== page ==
Saturday, October 25, 2014

NaNoWriMo, the first step

Perhaps I took the first step last year. If so, it did not lead anywhere. Our local writers' group hosted two regional facilitators (or whatever it is that they are called) for an evening earlier this month and I was inspired to think I would try again. Besides, I am experiencing a writer's block in the worst way and believe extreme measures are in order if I am to get even a draft of the second volume to The Chinese Spymaster (published in 2013) done/started this year. 


The spy novel was announced as the first of three as I wanted to challenge myself to write something other than about Chinese Classics. Since last year, I have written a retelling of a GREEK classic (the subject of several posts on this blog), but I did not know this when I dreamed up the Spymaster. As an aside, let me note that some kind of political correctness filter must be in place on this site or on the sites to which I link this blog because the cover of The Chinese Spymaster will not show at the other site. But I digress.

As the facilitators shared their enthusiasm, I was lulled into thinking this year's NaNoWriMo would be a good exercise, at the very least. I determined that I would sign up and be official this year.

So here's the OFFICIAL logo and the link to the NaNoWriMo website. The website requires participants to check in regularly and to upload the novel occasionally. It also provides opportunities for writers to connect in person or "virtually." Early
life experience has taught me that I was more likely to get something done if I told other people, especially family (Mom in particular), what I wanted to achieve. 

Alas, Mom is no longer around. So I am telling my potential readers, you.

Friday, October 17, 2014

Giveaway on Goodreads

In the attempt to "get with it" in the promotion department of an independent author's life, I decided to have a "Giveaway" on Goodreads.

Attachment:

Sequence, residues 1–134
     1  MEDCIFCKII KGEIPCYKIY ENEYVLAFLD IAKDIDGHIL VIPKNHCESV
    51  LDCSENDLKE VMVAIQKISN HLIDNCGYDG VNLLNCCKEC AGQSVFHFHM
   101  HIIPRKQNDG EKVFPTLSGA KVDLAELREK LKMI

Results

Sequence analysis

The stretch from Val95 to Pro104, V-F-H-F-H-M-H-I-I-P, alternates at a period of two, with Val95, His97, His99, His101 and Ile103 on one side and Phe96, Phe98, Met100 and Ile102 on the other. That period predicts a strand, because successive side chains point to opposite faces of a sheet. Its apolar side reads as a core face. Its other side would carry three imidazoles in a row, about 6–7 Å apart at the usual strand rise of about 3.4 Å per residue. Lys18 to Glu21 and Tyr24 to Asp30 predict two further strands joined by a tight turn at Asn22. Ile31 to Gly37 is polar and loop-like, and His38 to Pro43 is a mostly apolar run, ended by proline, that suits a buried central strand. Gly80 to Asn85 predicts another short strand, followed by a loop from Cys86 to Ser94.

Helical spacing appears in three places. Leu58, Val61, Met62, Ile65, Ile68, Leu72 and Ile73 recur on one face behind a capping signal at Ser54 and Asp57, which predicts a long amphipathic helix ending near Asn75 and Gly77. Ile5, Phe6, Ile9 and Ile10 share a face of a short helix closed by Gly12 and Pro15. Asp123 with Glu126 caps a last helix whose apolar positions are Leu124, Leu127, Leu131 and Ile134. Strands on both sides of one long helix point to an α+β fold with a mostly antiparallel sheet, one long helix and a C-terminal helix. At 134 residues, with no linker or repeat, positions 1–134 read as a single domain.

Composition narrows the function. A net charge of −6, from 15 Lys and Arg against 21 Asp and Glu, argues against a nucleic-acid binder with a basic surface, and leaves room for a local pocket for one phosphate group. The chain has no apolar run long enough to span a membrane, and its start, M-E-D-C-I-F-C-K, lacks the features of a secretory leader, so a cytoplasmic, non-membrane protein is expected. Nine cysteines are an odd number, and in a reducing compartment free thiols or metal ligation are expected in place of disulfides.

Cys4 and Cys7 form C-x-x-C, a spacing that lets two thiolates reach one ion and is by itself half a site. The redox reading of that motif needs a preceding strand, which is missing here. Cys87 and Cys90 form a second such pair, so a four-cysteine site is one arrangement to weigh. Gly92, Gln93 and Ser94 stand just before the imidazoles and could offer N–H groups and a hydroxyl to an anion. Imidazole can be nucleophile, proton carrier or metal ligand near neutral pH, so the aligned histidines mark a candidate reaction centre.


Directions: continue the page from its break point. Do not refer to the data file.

Goodreads Book Giveaway


Agamemnon Must Die by Hock G. Tjoa

Agamemnon Must Die

by Hock G. Tjoa


Giveaway ends October 26, 2014.

See the giveaway details
at Goodreads.


Enter to win



I hope this works!

If it does, who knows ...

Thursday, October 9, 2014

Loukia Borell

I am occasionally able to present a guest blog. Today's is by Loukia Borell, who tells briefly of her Greek-Cypriote heritage and her recent writing.



Certain events in our lives stay with us, and when you are a writer, those are the times you remember when you need material for your books. In 1972, I went to my parents’ homeland, Cyprus, and encountered a world that might have been mine if my parents hadn’t immigrated to the United States.  I spent the summer in a small, mountain village surrounded by my grandparents and other relatives who lived off the land. The village was a study in agrarian life: Most of what they ate was grown by them – olives, figs, cheese, grains, fruits¸ and eggs from their own chickens. They had their own lambs or poultry when they wanted to add meat to a meal. There was a village church, built under the direction of the village priest (my great-grandfather), water came from the mountain, and donkeys were ridden to go from one village to the next. I was 9 years old and completely fascinated by this old world, a place that was 50 years behind the one I lived in.

In 1974, everything I saw two years before was blown away when Turkey invaded the Northern third of Cyprus in an effort to stop plans to unify the island with Greece. My maternal grandparents and other relatives were among those who were killed by advancing troops. Their bodies, along with hundreds of others, have not been recovered. Other Greek-Cypriots on the island were now refugees, driven out of their homes to live in exile in other Cypriot villages or to leave Cyprus entirely. When I overheard my parents talking about the atrocities, my mind was filled with scenes I was just beginning to understand: Stories of men and women shot and killed, young girls and their mothers raped repeatedly, families piling into cars with the clothes on their backs to flee to safety, men shipped to prisons and never seen again.

In 2011, years after my trip to Cyprus and long after the crisis that changed our lives, I wrote a historical fiction novel, Raping Aphrodite, and told my family’s story. A few weeks ago, I self-published the prequel to Raping Aphrodite. Delicate Secrets explores the love story of my two primary characters when they first met.  Both books are available on Amazon.com and BN.com as e-books. Raping Aphrodite is also available in paperback; Delicate Secrets will be released in paperback in 2015.